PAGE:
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Bob returned home from an auction. His wife Mary asked, “Was the property sold?”

Bob replied, “Well, I’m unclear. The auctioneer said, “Sold!” but I then heard the seller had 48 hours to accept or reject the offer.”

Bob and Mary continued their discussion, and Mary finally said, “If the auctioneer said, “Sold!” then I don’t see how it can be subject to the seller’s approval?” Bob sat silent, wondering the same thing.

The word, “Sold!” has definite meaning in the United States.

Property that is, “Sold!” means the seller of the property and the buyer of the property have each tendered valuable consideration to each other, transferring title to a property (real or personal) from seller to buyer.

The origin of the word is:

    before 900; Middle English sellen (v.), Old English sellan orig., to give, hence, give up (someone) to an enemy, betray, exchange for money; cognate with Old Norse selja, Low German sellen, Gothic saljan to give up, sell, orig., to cause to take; akin to Greek heleîn to take

We note the words, “exchange for money,” “to give up,” and “to take.”

When auctioneers say, “Sold!” they firm a contract with their client, the seller, and the high bidder, the buyer. The terms of that contract include that payment is now required for the property and the seller must relinquish title to the buyer.

Essentially at auction, the word, “Sold!” means that their is mutual agreement (terms) about a future transaction, while in other scenarios, the word, “Sold!” means the transaction has taken place at that instant.

Nevertheless, it doesn’t mean that there is a lack of mutual assent or any other terms and conditions to settle. In other words, our question today is:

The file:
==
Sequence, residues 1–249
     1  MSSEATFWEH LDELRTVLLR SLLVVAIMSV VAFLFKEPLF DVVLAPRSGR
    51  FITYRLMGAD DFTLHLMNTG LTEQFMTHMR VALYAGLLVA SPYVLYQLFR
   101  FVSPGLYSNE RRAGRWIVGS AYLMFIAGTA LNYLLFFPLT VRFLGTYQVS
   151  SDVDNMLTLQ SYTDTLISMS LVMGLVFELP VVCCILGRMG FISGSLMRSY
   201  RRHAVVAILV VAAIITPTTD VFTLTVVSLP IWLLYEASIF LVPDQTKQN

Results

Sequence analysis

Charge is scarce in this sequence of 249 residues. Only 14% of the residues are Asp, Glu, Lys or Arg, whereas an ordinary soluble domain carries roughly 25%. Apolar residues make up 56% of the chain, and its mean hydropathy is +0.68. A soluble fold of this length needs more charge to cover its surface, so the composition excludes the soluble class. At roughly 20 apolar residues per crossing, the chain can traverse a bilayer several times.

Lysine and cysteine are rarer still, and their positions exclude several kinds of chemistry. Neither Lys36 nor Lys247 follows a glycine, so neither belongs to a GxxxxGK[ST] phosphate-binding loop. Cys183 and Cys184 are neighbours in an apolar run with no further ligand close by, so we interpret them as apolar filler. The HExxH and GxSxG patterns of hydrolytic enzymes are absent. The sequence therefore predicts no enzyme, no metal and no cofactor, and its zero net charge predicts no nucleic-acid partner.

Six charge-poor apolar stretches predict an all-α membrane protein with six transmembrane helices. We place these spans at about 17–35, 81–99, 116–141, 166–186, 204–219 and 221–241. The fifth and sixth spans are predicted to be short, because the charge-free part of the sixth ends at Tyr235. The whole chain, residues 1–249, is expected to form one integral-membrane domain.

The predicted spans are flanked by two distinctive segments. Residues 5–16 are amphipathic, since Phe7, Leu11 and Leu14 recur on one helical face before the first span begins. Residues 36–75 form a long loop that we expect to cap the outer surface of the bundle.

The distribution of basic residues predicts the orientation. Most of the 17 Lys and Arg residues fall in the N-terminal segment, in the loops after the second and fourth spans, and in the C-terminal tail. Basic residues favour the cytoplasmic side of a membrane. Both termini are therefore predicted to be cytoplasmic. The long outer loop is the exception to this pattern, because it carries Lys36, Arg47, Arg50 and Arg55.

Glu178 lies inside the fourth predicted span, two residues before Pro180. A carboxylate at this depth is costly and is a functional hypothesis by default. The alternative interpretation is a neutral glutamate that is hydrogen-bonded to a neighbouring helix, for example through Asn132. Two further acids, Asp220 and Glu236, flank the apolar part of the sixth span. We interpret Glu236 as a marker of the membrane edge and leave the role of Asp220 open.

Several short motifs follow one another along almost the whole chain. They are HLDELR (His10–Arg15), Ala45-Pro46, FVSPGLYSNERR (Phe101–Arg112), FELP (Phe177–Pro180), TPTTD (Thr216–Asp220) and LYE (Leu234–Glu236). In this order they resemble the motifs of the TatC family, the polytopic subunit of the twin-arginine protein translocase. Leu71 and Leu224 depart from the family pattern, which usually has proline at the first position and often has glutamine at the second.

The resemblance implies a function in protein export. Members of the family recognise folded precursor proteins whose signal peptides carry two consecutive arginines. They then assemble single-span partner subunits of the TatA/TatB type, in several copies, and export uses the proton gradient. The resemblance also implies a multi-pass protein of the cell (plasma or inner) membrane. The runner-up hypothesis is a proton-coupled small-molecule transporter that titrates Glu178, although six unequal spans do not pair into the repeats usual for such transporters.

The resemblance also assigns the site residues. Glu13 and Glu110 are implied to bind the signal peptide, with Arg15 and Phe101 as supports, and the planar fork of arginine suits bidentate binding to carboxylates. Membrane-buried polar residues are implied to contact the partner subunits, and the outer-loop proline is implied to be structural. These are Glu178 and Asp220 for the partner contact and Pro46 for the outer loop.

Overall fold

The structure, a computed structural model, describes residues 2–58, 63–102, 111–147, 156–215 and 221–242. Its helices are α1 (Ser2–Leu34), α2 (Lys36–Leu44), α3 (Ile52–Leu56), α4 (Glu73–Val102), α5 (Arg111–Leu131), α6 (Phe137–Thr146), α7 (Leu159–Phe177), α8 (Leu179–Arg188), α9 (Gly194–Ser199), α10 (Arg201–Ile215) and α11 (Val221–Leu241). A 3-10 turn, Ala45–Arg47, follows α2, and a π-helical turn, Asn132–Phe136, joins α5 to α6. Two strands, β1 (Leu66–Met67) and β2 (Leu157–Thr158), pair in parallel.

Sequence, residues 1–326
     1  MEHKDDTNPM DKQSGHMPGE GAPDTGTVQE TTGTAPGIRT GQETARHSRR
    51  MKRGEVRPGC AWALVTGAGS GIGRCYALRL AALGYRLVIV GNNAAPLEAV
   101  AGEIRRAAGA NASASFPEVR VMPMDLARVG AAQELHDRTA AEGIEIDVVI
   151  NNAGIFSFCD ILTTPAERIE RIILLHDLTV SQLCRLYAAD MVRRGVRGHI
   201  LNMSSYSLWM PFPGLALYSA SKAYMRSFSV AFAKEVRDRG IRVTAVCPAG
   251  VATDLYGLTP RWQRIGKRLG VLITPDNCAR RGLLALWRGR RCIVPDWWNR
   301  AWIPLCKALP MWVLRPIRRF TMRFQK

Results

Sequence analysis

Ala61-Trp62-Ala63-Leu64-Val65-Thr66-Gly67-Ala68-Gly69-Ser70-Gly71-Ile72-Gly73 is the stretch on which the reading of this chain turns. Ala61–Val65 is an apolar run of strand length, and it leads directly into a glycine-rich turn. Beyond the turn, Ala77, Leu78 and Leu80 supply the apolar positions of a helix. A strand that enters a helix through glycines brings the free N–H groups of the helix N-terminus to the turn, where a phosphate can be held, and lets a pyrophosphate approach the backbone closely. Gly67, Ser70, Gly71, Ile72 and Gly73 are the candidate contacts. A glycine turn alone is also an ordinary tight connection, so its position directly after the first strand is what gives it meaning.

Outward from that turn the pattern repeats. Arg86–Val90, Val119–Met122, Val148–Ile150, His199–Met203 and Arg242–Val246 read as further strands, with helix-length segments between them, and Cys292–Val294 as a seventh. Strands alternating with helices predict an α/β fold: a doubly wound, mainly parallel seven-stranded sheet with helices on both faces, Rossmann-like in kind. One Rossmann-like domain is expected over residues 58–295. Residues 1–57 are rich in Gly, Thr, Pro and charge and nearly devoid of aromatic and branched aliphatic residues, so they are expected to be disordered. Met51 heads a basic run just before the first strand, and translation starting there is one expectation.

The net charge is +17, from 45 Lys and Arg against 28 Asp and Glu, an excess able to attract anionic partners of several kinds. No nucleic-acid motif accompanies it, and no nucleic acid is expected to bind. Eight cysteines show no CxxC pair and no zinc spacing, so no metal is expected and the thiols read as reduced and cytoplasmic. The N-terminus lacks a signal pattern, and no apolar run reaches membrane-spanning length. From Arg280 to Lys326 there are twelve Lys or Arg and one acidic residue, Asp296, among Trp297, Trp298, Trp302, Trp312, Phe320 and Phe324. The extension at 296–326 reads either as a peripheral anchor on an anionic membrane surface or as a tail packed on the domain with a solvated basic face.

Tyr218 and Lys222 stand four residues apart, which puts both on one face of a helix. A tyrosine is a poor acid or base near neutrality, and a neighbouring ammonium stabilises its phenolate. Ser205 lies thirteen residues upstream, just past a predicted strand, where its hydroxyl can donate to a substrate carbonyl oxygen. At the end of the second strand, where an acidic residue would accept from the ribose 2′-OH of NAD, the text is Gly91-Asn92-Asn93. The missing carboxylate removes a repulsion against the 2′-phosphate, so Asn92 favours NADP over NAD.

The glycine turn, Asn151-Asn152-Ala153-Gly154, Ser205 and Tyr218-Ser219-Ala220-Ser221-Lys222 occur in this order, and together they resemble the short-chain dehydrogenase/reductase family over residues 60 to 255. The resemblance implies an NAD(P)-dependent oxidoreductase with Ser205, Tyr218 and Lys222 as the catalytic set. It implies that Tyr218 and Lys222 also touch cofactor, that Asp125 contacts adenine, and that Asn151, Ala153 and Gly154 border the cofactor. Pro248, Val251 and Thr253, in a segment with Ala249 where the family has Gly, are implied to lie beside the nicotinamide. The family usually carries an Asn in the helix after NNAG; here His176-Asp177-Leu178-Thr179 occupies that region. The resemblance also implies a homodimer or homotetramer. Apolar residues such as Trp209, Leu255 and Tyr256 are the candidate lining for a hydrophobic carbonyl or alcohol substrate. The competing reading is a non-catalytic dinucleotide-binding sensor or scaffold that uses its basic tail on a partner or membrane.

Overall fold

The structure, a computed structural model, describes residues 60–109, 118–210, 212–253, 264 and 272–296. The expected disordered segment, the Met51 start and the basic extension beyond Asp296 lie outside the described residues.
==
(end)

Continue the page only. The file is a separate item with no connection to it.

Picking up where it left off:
“Can something be, ‘Sold!’ and still subject to seller’s approval?”

We are of the opinion that once the “D” is pronounced for the word, “Sold!” it matters not what else comes next. We believe saying “Sold, but not sold!” would still be, “Sold!”

And, selling something at auction demands this clarification: the UCC 2-328 allows an auctioneer to reopen the bidding if a bid is made, “while the hammer is falling.” It doesn’t, however, allow the property to remain subject to the seller’s approval.

Contracts are formed by offers and acceptance. If a seller is still to approve an offer, the parties are not even in contract, let alone agreeing that anything is, “Sold!”

By using the word, “Sold!” in a casual or misleading fashion, possibly indicating that no other offers are being considered (although, they probably would be considered if they were materially better,) the true meaning of the word, “Sold!” is unnecessary and unfortunately diluted.

Auctioneers should use care when uttering the word, “Sold!” (or any such word(s) with that meaning) and ensure they have the legal, expressed authority to bind their client to a contract demanding their client’s performance.

Further, auctioneers should use better care when describing properties that have been through the auction process, and are awaiting the seller’s approval — as they aren’t quite, “Sold!” yet.

Mike Brandly, Auctioneer, CAI, AARE has been an auctioneer and certified appraiser for over 30 years. His company’s auctions are located at: Mike Brandly, Auctioneer, Keller Williams Auctions and Goodwill Columbus Car Auction. His Facebook page is: www.facebook.com/mbauctioneer. He serves as Adjunct Faculty at Columbus State Community College and is Executive Director of The Ohio Auction School.